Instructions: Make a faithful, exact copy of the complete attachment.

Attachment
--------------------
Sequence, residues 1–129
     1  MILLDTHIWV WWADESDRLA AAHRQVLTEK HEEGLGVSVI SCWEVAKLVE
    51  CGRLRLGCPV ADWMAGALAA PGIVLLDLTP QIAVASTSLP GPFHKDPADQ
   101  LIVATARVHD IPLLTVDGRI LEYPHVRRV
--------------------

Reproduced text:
Sequence, residues 1–129
     1  MILLDTHIWV WWADESDRLA AAHRQVLTEK HEEGLGVSVI SCWEVAKLVE
    51  CGRLRLGCPV ADWMAGALAA PGIVLLDLTP QIAVASTSLP GPFHKDPADQ
   101  LIVATARVHD IPLLTVDGRI LEYPHVRRV